People who feel more connected to nature also tend to feel less anxious, according to new psychology research from Australia.
The preliminary study, conducted by Patricia Martyn and Eric Brymer, found that feeling connected to nature was directly related to small reductions in anxiety.
“The results of this study align with recent research and theoretical perspectives that posit health and well-being benefits from engaging with nature,” the researchers said.
But why is there a relationship between nature and anxiety?
Psychologists have theorized that the busyness of urban environments overwhelms our attentional capacities, while natural environments do not. Others have suggested that humans have an innate preference for natural scenery, which is associated with comfort and safety. And some have argued that humans evolved an instinctive tendency to seek connections with nature and other living things.
Noting the lack of research on the relationship between nature and anxiety, Martyn and Brymer conducted a simple study to start to explore this area of interest.
The researchers had 305 Australian adults complete an online survey that assessed their relatedness to nature and overall anxiety levels.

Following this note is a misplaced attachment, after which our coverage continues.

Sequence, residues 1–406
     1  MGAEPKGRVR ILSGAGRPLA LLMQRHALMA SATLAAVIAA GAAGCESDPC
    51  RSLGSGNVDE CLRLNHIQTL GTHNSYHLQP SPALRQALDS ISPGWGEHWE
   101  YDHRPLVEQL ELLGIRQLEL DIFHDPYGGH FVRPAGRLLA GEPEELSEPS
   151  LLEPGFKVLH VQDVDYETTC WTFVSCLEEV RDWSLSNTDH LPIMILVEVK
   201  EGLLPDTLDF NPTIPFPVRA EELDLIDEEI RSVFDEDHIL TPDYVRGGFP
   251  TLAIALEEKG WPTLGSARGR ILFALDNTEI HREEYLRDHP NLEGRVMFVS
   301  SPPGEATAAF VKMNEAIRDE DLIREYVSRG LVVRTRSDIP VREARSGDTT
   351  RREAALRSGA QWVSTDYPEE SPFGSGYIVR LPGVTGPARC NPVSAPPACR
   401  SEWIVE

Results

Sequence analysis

The survey also asked the participants “what being in nature” meant to them. A number of common themes emerged from this open ended question. The participants described nature as a source of relaxation, a “time out” from everyday life, a place to find enjoyment, a way to feel connected to something larger, an emotional regulator, and a source of beauty.
“The qualitative results suggest that the experience of nature for these participants provides an opportunity to take time out from everyday life, recuperate, experience fun and relax,” Martyn and Brymer explained.
The study was published in the Journal of Health Psychology.